This post is all about comments and the importance of commenting your code. This topic may seem boring, but I promise it is extremely important and a great habit to learn.
Comments in any programming language are text blobs that are not readable/executed by the programming engine. In other words, they don’t do anything other than provide context/information for the user trying to understand the program or section of code they are reading.
In most languages there are two types of comments: single-line (inline) and multi-line. Single-line comments are comments that can start at the beginning or end of one line of code. They are great for short descriptions about the code directly before or on the next line. Multi-line comments are comments that can span many lines in the programming interface that are great for introductory descriptions about the program or to introduce new sections of code. Common introductory comments can include the author, date created, and overall purpose of the code.
A good practice is to start each program or code you are creating with multi-line introductory comment. The below example is how a multi-line comment in DAX (Microsoft Power BI) would look like.
/* Purpose: Creates a filtered count for pharmacy stock out medications Author: Ben Moore Contact: firstname.lastname@example.org Date Created: 3/17/2021 */
Multi-line comments in DAX are created with /* … */ (with your comment in the …)
Single-line comments in DAX are created with either // or —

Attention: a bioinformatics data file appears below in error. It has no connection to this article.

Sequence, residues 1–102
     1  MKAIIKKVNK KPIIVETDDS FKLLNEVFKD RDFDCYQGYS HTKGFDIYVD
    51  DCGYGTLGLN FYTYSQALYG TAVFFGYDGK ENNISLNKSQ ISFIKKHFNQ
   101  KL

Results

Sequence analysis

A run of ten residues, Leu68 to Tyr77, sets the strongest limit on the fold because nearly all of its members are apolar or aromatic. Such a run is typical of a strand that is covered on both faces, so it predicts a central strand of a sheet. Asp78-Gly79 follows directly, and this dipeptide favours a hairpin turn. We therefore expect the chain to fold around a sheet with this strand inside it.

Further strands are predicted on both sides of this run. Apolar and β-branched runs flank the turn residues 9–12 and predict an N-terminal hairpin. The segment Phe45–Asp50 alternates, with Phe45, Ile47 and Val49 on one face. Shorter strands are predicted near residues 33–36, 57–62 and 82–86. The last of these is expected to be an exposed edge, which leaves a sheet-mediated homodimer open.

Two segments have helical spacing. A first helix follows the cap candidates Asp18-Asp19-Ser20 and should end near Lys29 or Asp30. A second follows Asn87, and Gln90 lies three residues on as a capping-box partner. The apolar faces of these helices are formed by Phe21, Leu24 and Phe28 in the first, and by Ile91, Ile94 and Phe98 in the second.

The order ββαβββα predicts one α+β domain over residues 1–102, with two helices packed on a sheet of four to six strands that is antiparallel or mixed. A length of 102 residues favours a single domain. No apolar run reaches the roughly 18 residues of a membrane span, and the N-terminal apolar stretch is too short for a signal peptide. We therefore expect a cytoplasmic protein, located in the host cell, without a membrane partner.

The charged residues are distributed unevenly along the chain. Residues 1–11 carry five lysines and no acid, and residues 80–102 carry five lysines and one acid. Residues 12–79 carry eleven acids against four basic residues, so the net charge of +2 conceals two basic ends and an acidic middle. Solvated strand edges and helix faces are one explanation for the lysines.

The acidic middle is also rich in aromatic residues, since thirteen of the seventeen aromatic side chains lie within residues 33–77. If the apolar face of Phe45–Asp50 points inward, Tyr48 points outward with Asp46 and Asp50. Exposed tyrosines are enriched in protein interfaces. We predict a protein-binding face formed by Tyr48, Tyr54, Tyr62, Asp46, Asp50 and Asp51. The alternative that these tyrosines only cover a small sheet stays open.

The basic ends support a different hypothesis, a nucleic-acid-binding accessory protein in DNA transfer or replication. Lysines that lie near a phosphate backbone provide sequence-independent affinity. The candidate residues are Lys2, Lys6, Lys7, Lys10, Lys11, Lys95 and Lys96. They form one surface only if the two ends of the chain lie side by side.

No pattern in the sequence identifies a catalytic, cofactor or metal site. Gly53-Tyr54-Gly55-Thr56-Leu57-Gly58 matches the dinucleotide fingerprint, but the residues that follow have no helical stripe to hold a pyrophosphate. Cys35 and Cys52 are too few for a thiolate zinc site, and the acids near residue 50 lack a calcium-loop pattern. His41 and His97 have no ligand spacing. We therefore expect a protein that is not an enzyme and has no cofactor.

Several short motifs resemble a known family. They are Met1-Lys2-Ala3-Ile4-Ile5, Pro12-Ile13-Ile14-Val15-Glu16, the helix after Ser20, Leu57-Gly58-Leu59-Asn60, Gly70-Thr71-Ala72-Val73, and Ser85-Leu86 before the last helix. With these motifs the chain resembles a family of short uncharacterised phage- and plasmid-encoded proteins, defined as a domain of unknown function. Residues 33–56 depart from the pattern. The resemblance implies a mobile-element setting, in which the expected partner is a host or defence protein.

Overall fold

Below is an example of a single-line comment used to describe the purpose of a filter condition on a single line of code.
Example_Filtered_Stock_Outs = CALCULATE( COUNT([Stock Out Measure]), 'Med Item'[Backorder_Flag] <> 1, -- filtering out any backordered items 'Med Item'[DEA_Class_Flag] = 0 // filtering out non DEA class items )
Again, you can use either — or // to create single-line comments. Single-line comments are great for other developers who are trying to read your code who may not know much about the underlying data model or table structures. Most programming languages including different flavors of SQL, python, and R all have the ability to create comments.
In summary, commenting your code as lots of benefits:
- Increases the readability of your code for others
- Starting out your programs or code with an introductory multi-line comment is helpful for documenting the purpose, author, contact info, and date created
- Commented code helps you quickly pass off your work to others without having to go line by line explaining your processes
Do you use comments in your code? Let me know what you think below.
As always, stay digital!